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Iowa Freedom Summit exposes strength of GOP’s 2016 field

Iowa Freedom Summit

Raging heat, outside events for the candidates, and even a couple of staged protests couldn’t prevent an otherwise perfect Iowa Freedom Summit.

More than 20 speakers participated in the event that spanned more than nine hours long and was broadcast live on C-SPAN. To see an archived video, click here. This article, however, will focus only on those who are likely presidential candidates.

Dr. Ben Carson had the attention of the national media, which leaned in from its position at the front of the balcony level to hear his every word. His speech contained a level of energy that may have surprised those who have grown accustomed to the former neurosurgeon’s soft-spoken demeanor.

“We have to have courage in this country again. We cannot allow the progressives to shut us up through political correctness … if they want to act like third graders and call us names, let ’em.”

Billionaire real estate and construction mogul Donald Trump took no prisoners in his speech, which was the most fiery yet from the 2012 almost-candidate. Calling ObamaCare a “filthy lie,” he chided the Republican Party for its lack of opposition to President Obama.

“I’m a conservative, very conservative, and I’m a Republican,” he said. “But, I’m very disappointed with our Republicans in Washington, because they’re letting the president get away with murder.”

He said that if he runs and wins, he would work to secure the southern U.S. border, and would enact a foreign policy that confronts the nuclear ambitions of other countries, like Iran. As for the economy, he said rather than cutting spending, he would prefer to improve the economy to the point where the U.S. could afford its obligations to Social Security, Medicare, and Medicaid.

Trump also took some swipes at the mainstream media’s choice for the GOP nomination.

“It can’t be Mitt, because he ran and failed … he choked,” he said. “In the last month, he couldn’t get it done. You can’t give people like that another chance.”

With regard to “a third Bush” – former Florida Gov. Jeb Bush – running for the presidency, Trump said “the last thing America needs” is another Bush.

“He’s totally in favor of Common Core, it’s a disaster,” he said. “He’s very weak on immigration. His brother really brought us Obama … even Lincoln coming back from the dead couldn’t have won that election, things were so bad.”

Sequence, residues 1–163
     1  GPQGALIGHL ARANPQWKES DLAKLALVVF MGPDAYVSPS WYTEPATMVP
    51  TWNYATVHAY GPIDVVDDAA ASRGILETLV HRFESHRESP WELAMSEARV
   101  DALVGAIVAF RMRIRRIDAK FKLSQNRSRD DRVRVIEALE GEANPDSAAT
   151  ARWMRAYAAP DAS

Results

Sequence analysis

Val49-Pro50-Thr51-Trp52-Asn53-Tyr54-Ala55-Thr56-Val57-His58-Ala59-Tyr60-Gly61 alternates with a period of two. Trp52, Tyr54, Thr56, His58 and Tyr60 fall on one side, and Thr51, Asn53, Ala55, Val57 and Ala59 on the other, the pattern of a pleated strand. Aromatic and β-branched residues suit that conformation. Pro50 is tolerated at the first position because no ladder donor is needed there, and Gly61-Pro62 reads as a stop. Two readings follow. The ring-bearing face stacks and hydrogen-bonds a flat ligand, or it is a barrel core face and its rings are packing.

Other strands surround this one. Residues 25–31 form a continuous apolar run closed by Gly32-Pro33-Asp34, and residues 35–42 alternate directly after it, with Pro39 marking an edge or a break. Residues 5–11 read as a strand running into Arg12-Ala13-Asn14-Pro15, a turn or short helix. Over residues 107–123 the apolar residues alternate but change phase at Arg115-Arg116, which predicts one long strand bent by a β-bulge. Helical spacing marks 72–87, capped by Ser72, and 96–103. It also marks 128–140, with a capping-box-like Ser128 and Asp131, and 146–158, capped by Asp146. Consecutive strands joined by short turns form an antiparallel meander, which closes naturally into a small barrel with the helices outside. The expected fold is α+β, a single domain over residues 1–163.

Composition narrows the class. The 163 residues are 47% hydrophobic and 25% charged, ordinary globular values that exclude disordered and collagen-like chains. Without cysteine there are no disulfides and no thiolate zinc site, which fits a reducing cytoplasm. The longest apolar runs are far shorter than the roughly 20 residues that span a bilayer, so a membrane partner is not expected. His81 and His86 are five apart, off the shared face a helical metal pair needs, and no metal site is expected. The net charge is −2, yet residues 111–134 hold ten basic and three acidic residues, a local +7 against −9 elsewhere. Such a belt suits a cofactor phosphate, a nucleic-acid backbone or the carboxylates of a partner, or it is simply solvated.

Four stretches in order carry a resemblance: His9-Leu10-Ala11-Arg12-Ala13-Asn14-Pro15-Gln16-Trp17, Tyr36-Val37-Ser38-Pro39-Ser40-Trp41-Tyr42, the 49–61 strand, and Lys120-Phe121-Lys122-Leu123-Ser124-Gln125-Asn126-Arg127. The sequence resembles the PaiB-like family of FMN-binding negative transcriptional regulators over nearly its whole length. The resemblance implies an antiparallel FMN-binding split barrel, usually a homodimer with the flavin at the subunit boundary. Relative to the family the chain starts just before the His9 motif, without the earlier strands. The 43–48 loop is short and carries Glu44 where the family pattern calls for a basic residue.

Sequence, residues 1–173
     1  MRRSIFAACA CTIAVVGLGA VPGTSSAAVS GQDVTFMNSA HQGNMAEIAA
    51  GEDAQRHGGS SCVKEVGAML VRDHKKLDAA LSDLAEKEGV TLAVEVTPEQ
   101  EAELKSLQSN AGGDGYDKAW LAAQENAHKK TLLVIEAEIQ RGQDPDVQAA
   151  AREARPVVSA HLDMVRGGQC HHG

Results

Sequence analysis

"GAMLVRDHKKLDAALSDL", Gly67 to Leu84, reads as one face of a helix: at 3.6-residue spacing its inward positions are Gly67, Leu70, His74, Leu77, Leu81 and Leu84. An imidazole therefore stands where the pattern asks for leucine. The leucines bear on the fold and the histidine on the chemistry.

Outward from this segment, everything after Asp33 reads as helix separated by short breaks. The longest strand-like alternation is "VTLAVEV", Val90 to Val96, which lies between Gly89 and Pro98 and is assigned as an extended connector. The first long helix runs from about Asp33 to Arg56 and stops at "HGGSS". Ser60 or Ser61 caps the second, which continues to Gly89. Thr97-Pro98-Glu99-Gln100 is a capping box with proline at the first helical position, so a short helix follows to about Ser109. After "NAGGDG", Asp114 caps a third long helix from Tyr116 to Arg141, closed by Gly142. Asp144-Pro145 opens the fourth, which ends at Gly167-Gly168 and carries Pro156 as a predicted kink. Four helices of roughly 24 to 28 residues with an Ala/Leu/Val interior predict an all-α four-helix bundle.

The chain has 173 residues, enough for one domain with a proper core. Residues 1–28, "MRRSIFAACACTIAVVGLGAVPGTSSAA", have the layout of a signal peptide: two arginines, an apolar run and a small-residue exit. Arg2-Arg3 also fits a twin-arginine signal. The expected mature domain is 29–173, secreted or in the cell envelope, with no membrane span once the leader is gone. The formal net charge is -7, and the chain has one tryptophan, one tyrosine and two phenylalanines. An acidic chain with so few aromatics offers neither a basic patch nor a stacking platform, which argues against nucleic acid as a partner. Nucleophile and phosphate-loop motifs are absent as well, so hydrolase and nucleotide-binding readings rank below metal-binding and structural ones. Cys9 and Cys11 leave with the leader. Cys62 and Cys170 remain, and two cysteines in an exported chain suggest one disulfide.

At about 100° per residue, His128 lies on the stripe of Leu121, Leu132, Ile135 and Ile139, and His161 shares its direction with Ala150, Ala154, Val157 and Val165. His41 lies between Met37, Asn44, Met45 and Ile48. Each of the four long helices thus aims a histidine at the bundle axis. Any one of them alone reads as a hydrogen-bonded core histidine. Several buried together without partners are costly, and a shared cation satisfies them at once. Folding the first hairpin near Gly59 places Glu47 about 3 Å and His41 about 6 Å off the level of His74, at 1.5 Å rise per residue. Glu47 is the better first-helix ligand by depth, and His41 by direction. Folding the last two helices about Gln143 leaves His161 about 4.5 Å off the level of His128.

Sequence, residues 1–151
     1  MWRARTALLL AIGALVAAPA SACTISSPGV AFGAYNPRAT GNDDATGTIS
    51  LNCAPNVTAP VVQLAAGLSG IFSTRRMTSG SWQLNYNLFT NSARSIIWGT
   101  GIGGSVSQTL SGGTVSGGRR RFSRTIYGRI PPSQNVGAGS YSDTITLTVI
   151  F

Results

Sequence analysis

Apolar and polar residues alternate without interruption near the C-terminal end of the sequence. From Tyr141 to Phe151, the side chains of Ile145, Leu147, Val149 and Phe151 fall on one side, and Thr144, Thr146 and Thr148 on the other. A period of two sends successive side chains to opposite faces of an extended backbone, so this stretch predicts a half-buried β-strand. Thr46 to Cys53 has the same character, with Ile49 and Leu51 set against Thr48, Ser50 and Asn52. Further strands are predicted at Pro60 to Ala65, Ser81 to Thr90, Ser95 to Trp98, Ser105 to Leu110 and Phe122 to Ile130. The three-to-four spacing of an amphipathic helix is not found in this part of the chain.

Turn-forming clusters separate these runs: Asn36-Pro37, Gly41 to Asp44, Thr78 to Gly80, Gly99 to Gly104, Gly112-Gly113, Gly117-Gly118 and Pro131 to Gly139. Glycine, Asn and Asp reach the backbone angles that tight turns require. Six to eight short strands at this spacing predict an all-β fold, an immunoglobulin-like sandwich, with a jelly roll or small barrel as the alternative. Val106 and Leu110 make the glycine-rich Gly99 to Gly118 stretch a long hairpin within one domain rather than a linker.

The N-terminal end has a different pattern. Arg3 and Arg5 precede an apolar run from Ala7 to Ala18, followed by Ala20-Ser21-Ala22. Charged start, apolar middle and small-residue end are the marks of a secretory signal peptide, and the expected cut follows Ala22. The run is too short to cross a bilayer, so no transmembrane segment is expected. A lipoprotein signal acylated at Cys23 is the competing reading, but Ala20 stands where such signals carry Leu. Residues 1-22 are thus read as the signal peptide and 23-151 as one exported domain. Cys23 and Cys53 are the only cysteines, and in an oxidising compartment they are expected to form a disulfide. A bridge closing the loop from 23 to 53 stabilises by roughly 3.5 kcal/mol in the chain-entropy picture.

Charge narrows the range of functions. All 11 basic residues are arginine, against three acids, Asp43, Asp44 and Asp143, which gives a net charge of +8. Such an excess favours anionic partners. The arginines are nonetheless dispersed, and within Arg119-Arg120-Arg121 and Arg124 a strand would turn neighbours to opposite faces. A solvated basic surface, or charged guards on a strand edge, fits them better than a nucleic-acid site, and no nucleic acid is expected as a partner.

Wisconsin Gov. Scott Walker focused much of his speech on efforts by liberals in his state to harass and otherwise coerce him to abandon his principles. He also touted his record, both as Governor of Wisconsin and as Milwaukee County Executive, a position unfamiliar to almost all Iowans.

His overriding theme was that conservatives needed to stop just giving lip service to conservative core principles, stating “actions speak louder than words.” He also championed a vision of America in which Americans are no longer dependent upon the country.

“We take a day off from work to celebrate July 4th, not April 15th, because we celebrate our freedom from government, not our dependence on it,” he said.

Former U.S. Sen. Rick Santorum returned the location that had made his sweater vest an electoral cultural icon in 2012, and received a warm response from Iowa Republicans, many of whom likely voted for him in the 2012 Iowa Caucus. He jokingly referenced the intrigue that surrounded his victory, saying, “Iowans made a good choice in 2012 – once they got around to it.”

He shared his vision for the American economy, and addressed foreign policy and illegal immigration. But much of his speech focused on his record on social issues, particularly the sanctity of life.

U.S. Sen. Ted Cruz (R-TX) received, arguably, the best response from the audience – which swelled in the moments leading up to the speech, and receded shortly thereafter – and certainly the loudest ovations both before and after he spoke. His speech matched the energy of the room.

“Today is the 50th anniversary of Winston Churchill’s passing,” he said. “He stood as a lion in winter … 50 years later, we are facing threats every bit as ominous. We need the clarity of thought, voice, and action Churchill provided.”

Cruz went on to note that one of President Obama’s first actions upon moving into the White House was to have Churchill’s bust returned to the United Kingdom. He then noted America was “built on an extraordinary miracle,” and laid out his vision for turning the country around.

It includes “repealing every word” of ObamaCare – the Affordable Care Act – and abolishing the IRS. He said he supported the Flat Tax as an alternative to the current graduated “progressive” income tax, which seems to conflict with a statement he made just a week ago at the South Carolina Tea Party Convention.